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is there seems to be much more focus all of a sudden on how the fed could support the economy were it to weaken further here. so again like it or not. as richard fisher pointed out. he was parsing janet yellen's language to see whether she was going to take negative rate office the table. and as the very different environment. >> the conversation is all related. because that is the putting out of fear, the fact that there aren't great growth prospects, that we are not doing the types of things to encourage business to make the capital investments to pursue that growth. so i do think that that discussion. and i'll fall into the camp of not liking it, again all related. this is one big non virtuous cycle i guess i would say. >> and by the way we have a news alert here. steve we'll let you go. >> thanks kelly. see you tomorrow. >> after that fed decision because we want to get over to q
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logic, seema mody has more. >> semi conductor company cavium announcing acquisition of q logic. it is a cash and stock deal that values q logic about $1.4 billion in equity value. in the press release it says the deal boosting 2017 adjusted earnings by 60 to 70 cents. another stock is jabel circuit. a beat on the bottom and top line. revenue of 4.31 billion versus the estimate of 4.18. and also announced a $400 million stock buy back program. the strong is down seems to be on guidance. sees q 4 revenue down around 9%. in the press release the ceo
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says as expected our third quarter results also reflected a soft environment within our mobility business. take a look at shares down more than 6% after hours kelly. >> thank you so much. guy a final comment before we let you go? >> kwk logic is not ab expensive stock. i think it trades 13 inform times forward earnings. probably one and a half times price to bourque. book. if memory serves it's been sideways the last decade. and again the whole fed conversation, with companies awash in cash they are looking to do things. and acquisitions are out there. buying back stock. so this is all part of the -- in my opinion, the unintended consequences of the fed. deals get made. you can say they are good deal, bad deals but that is what's going on now. companies don't know what to do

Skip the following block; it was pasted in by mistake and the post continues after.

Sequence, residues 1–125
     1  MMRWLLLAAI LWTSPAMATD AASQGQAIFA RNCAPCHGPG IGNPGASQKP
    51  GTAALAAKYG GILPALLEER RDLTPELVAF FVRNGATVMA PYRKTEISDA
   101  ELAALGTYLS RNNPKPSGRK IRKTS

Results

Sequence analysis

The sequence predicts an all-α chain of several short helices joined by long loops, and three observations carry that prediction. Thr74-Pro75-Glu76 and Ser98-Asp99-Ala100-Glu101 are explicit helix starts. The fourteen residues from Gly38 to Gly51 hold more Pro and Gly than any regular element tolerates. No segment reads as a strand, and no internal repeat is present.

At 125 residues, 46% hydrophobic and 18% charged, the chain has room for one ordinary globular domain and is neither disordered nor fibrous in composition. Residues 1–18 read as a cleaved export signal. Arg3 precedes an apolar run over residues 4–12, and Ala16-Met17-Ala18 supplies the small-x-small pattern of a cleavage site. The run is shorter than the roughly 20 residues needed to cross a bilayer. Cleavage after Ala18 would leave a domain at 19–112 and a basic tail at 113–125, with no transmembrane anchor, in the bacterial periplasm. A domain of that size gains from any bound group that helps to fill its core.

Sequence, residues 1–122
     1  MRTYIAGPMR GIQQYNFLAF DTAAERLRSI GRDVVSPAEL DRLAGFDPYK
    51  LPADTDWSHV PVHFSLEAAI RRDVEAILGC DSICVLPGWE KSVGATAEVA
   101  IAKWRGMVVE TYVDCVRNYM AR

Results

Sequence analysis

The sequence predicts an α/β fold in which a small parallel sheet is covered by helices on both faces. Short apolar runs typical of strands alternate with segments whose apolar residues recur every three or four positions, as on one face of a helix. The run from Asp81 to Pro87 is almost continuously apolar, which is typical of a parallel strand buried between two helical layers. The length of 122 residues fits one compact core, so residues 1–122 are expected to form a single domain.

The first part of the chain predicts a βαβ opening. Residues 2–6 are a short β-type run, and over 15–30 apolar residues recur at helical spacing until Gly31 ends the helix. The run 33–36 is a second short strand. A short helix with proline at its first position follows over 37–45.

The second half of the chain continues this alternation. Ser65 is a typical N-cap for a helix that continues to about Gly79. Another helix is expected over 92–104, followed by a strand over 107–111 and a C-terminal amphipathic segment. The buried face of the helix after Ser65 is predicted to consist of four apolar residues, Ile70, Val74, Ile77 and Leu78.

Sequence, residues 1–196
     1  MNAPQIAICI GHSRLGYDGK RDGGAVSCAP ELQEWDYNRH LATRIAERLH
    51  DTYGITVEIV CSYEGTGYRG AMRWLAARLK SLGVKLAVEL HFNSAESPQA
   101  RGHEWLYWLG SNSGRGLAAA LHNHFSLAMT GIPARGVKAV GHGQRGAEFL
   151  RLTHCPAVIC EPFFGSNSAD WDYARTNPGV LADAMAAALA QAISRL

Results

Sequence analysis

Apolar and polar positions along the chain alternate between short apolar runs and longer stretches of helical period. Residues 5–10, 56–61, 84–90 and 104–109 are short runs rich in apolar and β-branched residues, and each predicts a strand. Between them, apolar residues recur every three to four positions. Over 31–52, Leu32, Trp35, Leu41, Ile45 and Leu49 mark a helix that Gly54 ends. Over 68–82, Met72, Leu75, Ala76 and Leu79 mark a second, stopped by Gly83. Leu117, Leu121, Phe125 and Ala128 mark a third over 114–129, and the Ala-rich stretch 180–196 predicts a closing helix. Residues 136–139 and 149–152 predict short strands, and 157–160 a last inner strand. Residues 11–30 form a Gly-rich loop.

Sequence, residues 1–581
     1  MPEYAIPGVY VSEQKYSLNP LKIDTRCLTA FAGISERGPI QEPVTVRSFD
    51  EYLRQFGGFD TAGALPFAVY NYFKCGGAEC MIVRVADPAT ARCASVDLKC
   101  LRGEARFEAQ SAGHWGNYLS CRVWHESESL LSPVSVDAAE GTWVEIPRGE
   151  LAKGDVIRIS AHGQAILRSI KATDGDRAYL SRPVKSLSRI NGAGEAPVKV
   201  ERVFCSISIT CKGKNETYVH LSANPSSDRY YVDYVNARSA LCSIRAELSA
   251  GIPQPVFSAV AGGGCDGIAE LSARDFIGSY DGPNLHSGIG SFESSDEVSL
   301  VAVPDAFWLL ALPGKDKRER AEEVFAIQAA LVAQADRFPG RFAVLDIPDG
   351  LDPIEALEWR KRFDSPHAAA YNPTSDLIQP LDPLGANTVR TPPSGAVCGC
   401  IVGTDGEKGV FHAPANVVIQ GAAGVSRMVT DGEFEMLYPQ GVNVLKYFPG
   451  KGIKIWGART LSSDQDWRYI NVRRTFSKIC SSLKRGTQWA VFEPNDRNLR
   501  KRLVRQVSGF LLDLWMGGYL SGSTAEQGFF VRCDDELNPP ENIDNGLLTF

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with their money, they make a deal like this. which actually probably makes a little sense. >> the slight recognition there. >> i'm not always dire. but it is what it is at this point. >> guy, thank you so much. >> thank you. >> great to see you as always. more coming up next hour on fast money. they will be talking to the former ceo of via com in a rare and exclusive interview. and he'll reveal who he thinks is to blame for the company's troubles. and if he'll return to ceo. and the reaction to the fed's decision and what it means for the economy and more. plus yesterday on "closing bell," signet jeweler ceo's fired back. >> jim's wrong on a lot of fronts. first of all a lot of inaccuracies in the report and the one i can't help but take personally is the questioning of our integrity.
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>> jim grant will join us, talk about the fed and more in the little bit ♪ before a movie star unwittingly gave you a global product endorsement. and millions of women everywhere decided, "i love that shoe." and the company's data center handled the spike in traffic without any drama. before all of this. cdw orchestrated a scalable software defined data center solution using vmware nsx technology. scalability by vmware. orchestration by cdw.
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bank of america reportedly
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set to eliminate up to 8,000 jobs because of the rise of digital banking. >> hardly a new phenomenon, the rise of mobile banking but has taken these companies a while to adjust to what consumers need and want. bank of america's head of retail banking still said there is some sizing for the bank to do. 11% fewer people going to the branches. 12% fewer dialing into the contact centers. exactly the same rate for the last three or four years. to reflect that up to 68,000 retail employees to the low 6 0s, not replacing people who leave by attrition. we are continually looking for ways to cut head count. a multi year phenomenon. the bank said for its part no new cuts are planned. these are all existing plans for bank of america and it is not just bank of america.